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Special Issue "Epilepsy: From Molecular Mechanisms to Targeted Therapies 2.0"

A special issue of International Journal of Molecular Sciences (ISSN 1422-0067). This special issue belongs to the section "Molecular Pathology, Diagnostics, and Therapeutics".

Deadline for manuscript submissions: 29 February 2020.

Special Issue Editors

Prof. Dr. Giuseppe Biagini
E-Mail Website
Guest Editor
Department of Biomedical, Metabolic and Neural Sciences, University of Modena and Reggio Emilia, 41100 Modena, Italy
Interests: animal ethics; animal welfare; epilepsy models; neuroprotection; stress management
Special Issues and Collections in MDPI journals
Dr. Jonathan Vinet
E-Mail Website
Guest Editor
Department of Biomedical, Universita degli Studi di Modena e Reggio Emilia, Modena, Italy
Interests: epilepsy; neuroinflammation; microglia; myeloid cells; metalloproteinases; neuroprotection
Special Issues and Collections in MDPI journals

Special Issue Information

Dear Colleagues,

Epilepsy is a neurological disorder affecting approximately 1% of the worldwide population. Despite the availability of antiepileptic drugs, one-third of patients are considered “drug-resistant” and fail to achieve seizure control. In the last decade, many breakthroughs have been made in identifying different mutated genes linked to severe epilepsy, which have brought new molecular players as potential therapeutic targets. Moreover, a link between epilepsy and inflammation, which has now become an important component of the disorder, has brought several inflammatory-linked mediators as further potential therapeutic targets. To this regard, a critical role has also been suggested for blood vessels, as an altered vascularization or an abnormal response of the vessel wall during the seizure may participate in the progression of damage in the epileptic tissue. Finally, all these players could significantly modulate the process of epileptogenesis, for which a regulatory pathway such as that depending on the mammalian target of rapamycin (mTOR) is intensively studied to dissect the mechanisms leading to the development of an epileptogenic environment.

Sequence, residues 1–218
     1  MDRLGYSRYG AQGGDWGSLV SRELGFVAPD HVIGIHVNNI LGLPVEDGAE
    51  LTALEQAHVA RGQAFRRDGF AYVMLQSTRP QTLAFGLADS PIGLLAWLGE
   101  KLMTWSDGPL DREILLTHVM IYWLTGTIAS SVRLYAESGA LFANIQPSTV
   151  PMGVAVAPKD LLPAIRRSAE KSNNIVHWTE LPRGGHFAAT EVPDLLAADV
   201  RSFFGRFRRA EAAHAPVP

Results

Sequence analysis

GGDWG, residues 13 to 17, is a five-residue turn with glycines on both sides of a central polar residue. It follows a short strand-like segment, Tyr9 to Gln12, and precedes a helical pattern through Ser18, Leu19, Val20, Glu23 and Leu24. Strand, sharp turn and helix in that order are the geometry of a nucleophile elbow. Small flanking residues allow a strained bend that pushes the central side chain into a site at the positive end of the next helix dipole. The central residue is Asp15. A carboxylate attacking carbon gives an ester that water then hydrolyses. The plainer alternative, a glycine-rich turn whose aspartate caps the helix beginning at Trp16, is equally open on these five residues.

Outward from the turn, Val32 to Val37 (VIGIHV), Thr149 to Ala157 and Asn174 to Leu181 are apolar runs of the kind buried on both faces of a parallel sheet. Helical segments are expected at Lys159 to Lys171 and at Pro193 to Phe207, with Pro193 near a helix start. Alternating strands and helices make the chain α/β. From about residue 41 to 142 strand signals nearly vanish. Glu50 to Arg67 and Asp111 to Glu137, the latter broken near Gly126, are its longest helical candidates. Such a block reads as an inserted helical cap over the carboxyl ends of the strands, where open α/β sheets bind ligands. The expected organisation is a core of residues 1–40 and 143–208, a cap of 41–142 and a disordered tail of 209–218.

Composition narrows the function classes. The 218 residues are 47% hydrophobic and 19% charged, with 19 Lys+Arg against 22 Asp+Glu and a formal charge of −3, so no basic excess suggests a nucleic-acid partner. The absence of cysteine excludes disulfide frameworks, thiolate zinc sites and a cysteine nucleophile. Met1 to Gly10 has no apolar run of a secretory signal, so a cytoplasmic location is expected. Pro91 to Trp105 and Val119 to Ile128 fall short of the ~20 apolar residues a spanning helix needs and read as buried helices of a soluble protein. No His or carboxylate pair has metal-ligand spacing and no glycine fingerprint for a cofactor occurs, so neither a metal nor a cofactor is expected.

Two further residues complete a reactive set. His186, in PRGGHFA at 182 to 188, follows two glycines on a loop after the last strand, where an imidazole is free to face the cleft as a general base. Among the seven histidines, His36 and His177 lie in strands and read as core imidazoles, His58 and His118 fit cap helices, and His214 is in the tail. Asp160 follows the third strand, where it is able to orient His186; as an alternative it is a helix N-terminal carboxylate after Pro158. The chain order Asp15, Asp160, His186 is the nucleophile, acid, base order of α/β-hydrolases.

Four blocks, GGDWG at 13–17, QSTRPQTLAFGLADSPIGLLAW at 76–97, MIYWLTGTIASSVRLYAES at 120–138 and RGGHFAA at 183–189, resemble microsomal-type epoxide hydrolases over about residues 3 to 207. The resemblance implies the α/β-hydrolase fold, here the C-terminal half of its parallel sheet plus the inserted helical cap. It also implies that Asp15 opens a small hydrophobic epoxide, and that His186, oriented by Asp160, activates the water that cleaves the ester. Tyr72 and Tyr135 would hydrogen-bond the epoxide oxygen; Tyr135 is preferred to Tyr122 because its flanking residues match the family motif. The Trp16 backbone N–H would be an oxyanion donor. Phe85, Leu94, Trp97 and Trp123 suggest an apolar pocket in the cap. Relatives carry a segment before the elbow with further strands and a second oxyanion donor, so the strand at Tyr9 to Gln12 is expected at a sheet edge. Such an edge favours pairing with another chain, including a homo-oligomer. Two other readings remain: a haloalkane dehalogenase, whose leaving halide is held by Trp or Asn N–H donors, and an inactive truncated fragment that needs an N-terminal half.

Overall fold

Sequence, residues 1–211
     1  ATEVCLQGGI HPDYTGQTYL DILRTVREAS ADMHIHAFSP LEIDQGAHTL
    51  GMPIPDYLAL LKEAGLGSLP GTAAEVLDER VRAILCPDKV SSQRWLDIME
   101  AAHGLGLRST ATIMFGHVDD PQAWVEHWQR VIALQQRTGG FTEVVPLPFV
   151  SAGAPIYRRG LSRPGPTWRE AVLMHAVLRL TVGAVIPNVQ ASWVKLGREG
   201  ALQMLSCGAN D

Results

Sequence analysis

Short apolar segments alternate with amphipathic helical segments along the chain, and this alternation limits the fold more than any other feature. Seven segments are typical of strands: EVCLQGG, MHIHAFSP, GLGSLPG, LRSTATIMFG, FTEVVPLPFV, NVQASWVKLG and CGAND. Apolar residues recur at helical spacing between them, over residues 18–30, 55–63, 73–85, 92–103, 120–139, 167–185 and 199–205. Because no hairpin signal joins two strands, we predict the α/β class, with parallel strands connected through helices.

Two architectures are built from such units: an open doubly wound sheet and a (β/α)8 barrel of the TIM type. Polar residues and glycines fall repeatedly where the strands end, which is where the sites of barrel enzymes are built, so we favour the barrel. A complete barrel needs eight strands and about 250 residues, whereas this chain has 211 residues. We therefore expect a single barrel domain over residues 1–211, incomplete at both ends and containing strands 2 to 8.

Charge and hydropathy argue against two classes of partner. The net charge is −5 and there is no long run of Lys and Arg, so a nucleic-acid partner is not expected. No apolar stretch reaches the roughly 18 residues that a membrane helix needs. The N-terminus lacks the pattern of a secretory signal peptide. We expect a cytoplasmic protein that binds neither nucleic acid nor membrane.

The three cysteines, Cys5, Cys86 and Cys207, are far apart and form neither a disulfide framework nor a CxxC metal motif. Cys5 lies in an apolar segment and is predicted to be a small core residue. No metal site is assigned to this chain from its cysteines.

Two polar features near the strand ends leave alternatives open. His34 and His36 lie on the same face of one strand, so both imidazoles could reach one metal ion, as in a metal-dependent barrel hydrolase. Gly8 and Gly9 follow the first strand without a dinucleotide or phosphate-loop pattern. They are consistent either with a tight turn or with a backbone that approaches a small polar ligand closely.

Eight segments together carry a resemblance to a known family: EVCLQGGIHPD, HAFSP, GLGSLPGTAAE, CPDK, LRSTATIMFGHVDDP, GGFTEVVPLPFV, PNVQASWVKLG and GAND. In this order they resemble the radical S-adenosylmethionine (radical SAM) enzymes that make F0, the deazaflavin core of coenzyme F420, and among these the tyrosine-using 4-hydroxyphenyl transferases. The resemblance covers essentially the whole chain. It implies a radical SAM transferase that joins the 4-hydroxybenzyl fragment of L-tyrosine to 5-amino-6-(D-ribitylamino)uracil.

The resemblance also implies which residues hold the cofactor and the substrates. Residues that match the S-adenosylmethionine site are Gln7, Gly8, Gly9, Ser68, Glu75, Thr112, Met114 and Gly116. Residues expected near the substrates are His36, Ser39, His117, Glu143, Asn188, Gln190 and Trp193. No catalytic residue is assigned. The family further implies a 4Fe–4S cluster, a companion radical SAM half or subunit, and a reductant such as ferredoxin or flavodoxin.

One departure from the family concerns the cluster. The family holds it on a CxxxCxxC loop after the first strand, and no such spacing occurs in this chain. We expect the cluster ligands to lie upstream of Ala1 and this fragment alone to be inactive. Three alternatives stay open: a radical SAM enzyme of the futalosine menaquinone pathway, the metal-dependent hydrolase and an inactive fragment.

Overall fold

This Special Issue, “Epilepsy: From Molecular Mechanisms to Targeted Therapies”, of the International Journal of Molecular Sciences will comprise a selection of research papers and reviews covering various aspects of molecular and cellular biology of epilepsy models. Studies on bioactive molecules and nutraceutical treatments modulating epileptogenesis will also be considered.

Prof. Dr. Giuseppe Biagini
Dr. Jonathan Vinet
Guest Editors

Manuscript Submission Information

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Submitted manuscripts should not have been published previously, nor be under consideration for publication elsewhere (except conference proceedings papers). All manuscripts are thoroughly refereed through a single-blind peer-review process. A guide for authors and other relevant information for submission of manuscripts is available on the Instructions for Authors page. International Journal of Molecular Sciences is an international peer-reviewed open access semimonthly journal published by MDPI.